Thursday, February 27, 2014

The folder's last gasp

The Kodak Vigilant Six-20 and the slightly more upscale Monitor were the company's last stab at marketing a medium-format folding camera.  By 1948 when the line came to an end, people were ready to move on to new paradigms in photography.  The Anastigmat Special lens and the Supermatic shutter were as about good as anything available at the time, but the ergonomics of the Vigilant left a lot to be desired.  Estimating focus with a 101mm lens is not for the faint of heart, and neither the flip-up finder on the top deck nor the tiny reflex viewer over the lens offered much help in accurately framing the composition.

I have the top-tier lens and shutter on both the Vigilant and the Monitor.  I acquired them each for a song before anyone realized they were rather hard to find.  Unfortunately, my restoration skills were pretty rudimentary at the time and I haven't come close yet to allowing them to express their full potential.

These shots are from a brief morning stroll in the Nob Hill district of Albuquerque.  I'll try to get back there again soon to see if I can get a little more from the last of the Kodak folders.

Monday, February 24, 2014

Dark Eyes

Dark Eyes (Ochi Chornyye)
- Evheniy Grebenka

Dark and burning eyes, Dark as midnight skies
Full of passion flame, full of lovely game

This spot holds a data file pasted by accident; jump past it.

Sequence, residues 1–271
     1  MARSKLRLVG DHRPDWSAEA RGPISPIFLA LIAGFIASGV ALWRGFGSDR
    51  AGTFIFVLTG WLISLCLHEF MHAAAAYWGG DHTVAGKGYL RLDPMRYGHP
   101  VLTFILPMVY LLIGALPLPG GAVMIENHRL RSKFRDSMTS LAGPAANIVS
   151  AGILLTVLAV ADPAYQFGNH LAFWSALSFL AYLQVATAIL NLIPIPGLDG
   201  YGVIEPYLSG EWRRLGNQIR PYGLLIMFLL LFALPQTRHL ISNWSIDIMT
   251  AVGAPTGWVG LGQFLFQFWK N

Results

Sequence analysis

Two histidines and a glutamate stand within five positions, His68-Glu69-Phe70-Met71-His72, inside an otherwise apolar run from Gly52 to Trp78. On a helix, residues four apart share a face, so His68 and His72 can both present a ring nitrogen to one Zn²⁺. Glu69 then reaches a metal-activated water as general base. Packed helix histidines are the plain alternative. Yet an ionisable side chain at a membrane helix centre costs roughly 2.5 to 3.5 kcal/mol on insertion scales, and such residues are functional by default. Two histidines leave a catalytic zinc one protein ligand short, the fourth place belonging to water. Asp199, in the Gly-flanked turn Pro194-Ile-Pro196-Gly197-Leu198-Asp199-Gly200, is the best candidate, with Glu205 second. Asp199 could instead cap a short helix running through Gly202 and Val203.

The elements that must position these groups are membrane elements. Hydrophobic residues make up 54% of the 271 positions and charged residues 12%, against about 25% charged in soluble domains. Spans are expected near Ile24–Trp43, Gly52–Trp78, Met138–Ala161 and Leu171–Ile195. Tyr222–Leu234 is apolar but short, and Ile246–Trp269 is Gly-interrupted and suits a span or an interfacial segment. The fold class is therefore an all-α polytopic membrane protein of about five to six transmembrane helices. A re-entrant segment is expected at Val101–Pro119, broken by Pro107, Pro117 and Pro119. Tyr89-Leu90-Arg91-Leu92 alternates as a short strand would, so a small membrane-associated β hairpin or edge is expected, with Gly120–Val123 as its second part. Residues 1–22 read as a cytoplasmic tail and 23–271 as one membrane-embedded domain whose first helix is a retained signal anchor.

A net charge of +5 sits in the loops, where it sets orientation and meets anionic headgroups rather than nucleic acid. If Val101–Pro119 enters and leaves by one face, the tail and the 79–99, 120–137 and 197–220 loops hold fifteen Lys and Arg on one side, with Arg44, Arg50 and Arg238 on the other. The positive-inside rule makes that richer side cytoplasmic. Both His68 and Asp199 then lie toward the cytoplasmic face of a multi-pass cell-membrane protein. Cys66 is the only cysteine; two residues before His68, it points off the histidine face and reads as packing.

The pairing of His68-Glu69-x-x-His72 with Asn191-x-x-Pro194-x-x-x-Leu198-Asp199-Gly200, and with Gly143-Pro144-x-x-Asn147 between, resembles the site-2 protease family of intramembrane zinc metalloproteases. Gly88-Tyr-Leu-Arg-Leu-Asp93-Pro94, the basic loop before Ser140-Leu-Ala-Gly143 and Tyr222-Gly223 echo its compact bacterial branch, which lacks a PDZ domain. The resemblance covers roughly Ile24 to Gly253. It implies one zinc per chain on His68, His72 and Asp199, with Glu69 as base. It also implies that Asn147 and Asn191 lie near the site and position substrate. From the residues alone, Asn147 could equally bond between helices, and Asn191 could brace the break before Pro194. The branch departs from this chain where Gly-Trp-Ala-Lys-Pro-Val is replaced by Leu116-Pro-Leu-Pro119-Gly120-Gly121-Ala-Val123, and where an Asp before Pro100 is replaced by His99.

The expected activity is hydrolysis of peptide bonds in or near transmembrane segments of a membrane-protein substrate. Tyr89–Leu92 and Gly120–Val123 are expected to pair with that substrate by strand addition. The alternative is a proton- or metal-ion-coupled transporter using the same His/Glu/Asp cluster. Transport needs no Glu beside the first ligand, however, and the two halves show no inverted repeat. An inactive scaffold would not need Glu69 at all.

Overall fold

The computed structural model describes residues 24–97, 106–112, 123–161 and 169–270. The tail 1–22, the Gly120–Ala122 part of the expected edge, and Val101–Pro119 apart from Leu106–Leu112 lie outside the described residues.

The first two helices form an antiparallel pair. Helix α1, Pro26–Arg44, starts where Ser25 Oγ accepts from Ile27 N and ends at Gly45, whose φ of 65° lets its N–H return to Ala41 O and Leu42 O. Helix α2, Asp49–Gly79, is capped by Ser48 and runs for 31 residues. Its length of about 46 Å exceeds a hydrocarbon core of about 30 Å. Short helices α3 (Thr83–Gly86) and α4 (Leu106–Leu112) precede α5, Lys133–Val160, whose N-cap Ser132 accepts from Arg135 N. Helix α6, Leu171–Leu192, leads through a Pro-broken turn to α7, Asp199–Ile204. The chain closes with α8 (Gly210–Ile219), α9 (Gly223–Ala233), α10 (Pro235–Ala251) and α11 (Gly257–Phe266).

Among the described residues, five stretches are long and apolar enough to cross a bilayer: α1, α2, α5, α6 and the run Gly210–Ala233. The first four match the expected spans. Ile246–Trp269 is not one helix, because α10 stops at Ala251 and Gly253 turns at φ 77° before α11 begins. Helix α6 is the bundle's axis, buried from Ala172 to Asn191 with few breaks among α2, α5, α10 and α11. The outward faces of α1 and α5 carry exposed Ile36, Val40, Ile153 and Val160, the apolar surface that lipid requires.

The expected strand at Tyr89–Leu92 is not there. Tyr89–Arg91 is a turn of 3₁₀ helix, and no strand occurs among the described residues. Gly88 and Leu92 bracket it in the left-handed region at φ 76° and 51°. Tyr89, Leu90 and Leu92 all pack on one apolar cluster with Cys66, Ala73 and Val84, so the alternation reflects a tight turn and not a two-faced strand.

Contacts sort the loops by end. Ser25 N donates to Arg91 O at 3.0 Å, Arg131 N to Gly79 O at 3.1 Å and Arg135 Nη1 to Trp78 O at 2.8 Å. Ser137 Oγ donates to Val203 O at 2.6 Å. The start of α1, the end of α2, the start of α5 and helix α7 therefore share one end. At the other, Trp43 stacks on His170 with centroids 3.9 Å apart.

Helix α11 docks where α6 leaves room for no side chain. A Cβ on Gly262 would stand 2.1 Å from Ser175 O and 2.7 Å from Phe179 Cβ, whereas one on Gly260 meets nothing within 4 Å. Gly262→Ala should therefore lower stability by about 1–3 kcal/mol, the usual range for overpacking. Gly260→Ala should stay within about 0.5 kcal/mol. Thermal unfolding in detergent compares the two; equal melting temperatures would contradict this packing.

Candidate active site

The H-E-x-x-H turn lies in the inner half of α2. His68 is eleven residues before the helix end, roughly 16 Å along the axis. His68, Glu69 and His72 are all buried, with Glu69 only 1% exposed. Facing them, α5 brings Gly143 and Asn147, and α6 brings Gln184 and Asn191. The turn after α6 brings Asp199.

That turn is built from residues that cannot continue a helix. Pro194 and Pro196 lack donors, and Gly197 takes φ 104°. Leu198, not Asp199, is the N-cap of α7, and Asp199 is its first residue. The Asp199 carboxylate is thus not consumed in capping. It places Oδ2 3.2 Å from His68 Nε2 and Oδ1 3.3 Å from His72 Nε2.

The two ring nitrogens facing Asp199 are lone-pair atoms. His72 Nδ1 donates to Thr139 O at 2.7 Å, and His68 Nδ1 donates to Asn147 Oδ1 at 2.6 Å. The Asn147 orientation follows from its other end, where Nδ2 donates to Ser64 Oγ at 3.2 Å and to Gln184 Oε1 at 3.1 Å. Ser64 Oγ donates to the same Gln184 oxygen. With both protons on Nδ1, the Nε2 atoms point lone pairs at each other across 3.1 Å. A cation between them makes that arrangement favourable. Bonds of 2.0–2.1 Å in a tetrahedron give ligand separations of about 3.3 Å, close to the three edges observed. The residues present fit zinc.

Oh how I'm in love with you, oh how afraid I am of you.
Days when I met you made me sad and blue.

Oh, not for nothing are you darker than the deep!
I see mourning for my soul in you,
I see a triumphant flame in you:
A poor heart immolated in it.

But I am not sad, I am not sorrowful,
My fate is soothing to me:
All that is best in life that God gave us,
In sacrifice I returned to the fiery eyes!

(wikipedia article)

Sunday, February 23, 2014

Too many people, not enough cats.

I spend quite a bit of time looking at my own pictures and rearranging how they are presented in different venues.  Since most of my photo efforts involve making pictures with old film cameras, I often organize images according to which of my cameras they are made with.  I've done that with my image stream at Flickr too, but also have recently composed some additional image sets organized by subjects. Here are the lead pictures from each thematic group linked to each of the sets:





When Flickr limited free accounts to 200 uploaded photos, I decided I would use that limit as a way to exercise some self-discipline in what I displayed of my work -- hopefully showing only my best pictures.  Now that there are no imposed limits, I have relaxed my selection criteria a bit.